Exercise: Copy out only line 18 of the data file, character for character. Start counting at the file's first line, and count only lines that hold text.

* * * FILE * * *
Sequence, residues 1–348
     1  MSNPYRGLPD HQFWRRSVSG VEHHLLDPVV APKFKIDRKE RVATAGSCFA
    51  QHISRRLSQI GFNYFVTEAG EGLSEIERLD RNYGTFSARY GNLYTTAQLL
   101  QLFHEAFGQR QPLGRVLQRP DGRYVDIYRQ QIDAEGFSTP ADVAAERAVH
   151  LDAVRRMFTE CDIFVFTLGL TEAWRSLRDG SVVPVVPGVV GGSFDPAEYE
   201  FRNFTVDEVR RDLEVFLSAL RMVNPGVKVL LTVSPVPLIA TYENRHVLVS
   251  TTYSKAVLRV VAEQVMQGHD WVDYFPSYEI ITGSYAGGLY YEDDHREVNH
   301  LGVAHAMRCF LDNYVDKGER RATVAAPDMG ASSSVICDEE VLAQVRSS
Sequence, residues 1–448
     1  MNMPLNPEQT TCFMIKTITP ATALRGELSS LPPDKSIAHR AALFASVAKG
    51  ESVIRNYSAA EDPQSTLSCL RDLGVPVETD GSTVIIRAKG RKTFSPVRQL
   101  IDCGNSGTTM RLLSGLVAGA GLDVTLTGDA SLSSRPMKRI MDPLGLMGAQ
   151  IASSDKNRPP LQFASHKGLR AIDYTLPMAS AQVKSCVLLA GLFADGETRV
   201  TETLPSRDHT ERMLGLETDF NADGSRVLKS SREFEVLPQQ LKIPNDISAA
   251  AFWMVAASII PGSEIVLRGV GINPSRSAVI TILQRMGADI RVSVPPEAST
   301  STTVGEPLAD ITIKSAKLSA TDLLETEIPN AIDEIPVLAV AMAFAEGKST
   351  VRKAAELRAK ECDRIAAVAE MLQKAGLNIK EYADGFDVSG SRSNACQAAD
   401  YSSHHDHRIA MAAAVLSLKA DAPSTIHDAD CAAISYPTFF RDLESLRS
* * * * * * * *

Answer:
   401  YSSHHDHRIA MAAAVLSLKA DAPSTIHDAD CAAISYPTFF RDLESLRS